The short answer is yes. Suing has become much more difficult, however. Because of the COVID-19 pandemic, some short-sighted states have passed immunity legislation that give substandard nursing homes a pass on most lawsuits. Typically these immunity laws were retroactive until March of 2020 and are scheduled to last until the state of emergency is over. When that happens is anyone’s guess.
As of this writing, the duty of care owed to nursing home residents and the ability to sue nursing homes for their negligence varies widely from state to state. Places like New York, a previous Candida Auris hotspot, have become extremely difficult to hold nursing homes responsible.
We are unabashed in our dislike as to how New York handled the coronavirus outbreak. First the state ordered ill-equipped nursing homes to accept COVID-19 patients and then after hundreds of nursing home residents tragically died, they gave nursing homes immunity from lawsuit. Caught in the middle were the patients who had no say in what was happening.
Thankfully, California’s governor and legislature have so far resisted the pressure from lobbyists to give blanket immunity to nursing homes in the Golden State.
If a loved one died because of Candida Auris in a nursing home prior to March 2020, you probably have a case. If the death happened after that date it becomes heavily dependent on where your loved one was residing. So far, California remains a state in which nursing home neglect cases can be freely brought.
Nursing Homes Most At Risk of C. Auris Outbreaks
We can’t change the laws in those states where nursing homes have been granted immunity from civil suits. We can share with you, however, the risk factors that make some nursing home residents more vulnerable than others.
The nursing homes most at risk for an outbreak are those that fail to meet minimum staffing guidelines, especially on weekends and holidays. One overworked CNA who has too many patients on a Saturday night can quickly spread the infection. It takes time to properly sanitize and re-glove when seeing each patient.Also a problem are nursing homes with poor training and poor sanitation practices.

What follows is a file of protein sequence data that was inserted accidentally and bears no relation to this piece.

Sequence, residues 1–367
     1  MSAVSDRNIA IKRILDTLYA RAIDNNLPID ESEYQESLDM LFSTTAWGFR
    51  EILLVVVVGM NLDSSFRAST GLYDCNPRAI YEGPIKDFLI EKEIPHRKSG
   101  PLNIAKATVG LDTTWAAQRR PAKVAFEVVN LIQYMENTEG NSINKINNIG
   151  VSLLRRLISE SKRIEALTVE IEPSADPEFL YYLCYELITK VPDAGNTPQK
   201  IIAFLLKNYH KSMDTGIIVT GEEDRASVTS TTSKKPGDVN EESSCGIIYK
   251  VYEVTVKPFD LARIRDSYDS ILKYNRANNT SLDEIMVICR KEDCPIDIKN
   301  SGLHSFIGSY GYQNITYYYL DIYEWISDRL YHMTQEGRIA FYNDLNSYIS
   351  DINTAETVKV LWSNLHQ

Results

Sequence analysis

If infections are left untreated in a nursing home, they can quickly lead to death. Even minor infections can be life threatening in elderly individuals. That’s because the elderly often have compromised immune systems.
No one goes to a nursing home expecting to get sepsis or c. auris. Unfortunately, because of poor staffing and hygiene, such serious infections are too common.
If we are able to bring a case, the patient or her family may be entitled to monetary compensation for medical expenses, pain and suffering, future care expenses and diminished life expectancy.
I Have Candida Auris, Now What?
Our network of experienced nursing home neglect attorneys understands the special needs of elderly and disabled clients. We know how to aggressively prosecute infection claims against nursing homes.
A Candida Auris case is not a typical nursing home case like a bedsore or fall. These cases require medical experts and experts in infection control practices. Unlike some personal injury lawyers that like to quickly settle (“quantity over quality”), our lawyers are all handpicked for their skill, experience, and willingness to take cases to trial. We have the financial depth to hire the right expert witnesses when the wrongdoers deny responsibility or refuse to settle on favorable terms.
If you or a loved one has contracted candida auris in a nursing home and believe it is because of poor care or inadequate staffing, let us know. Visit our Candida Auris Nursing Home information page for more information. If you are ready to proceed, contact us and we will connect you with an experienced lawyer. If we cannot assist you, someone in our network can. Our consultations are always free, confidential and without obligation. Contact us by email [hidden email], by phone 833.201.1555 or contact us online.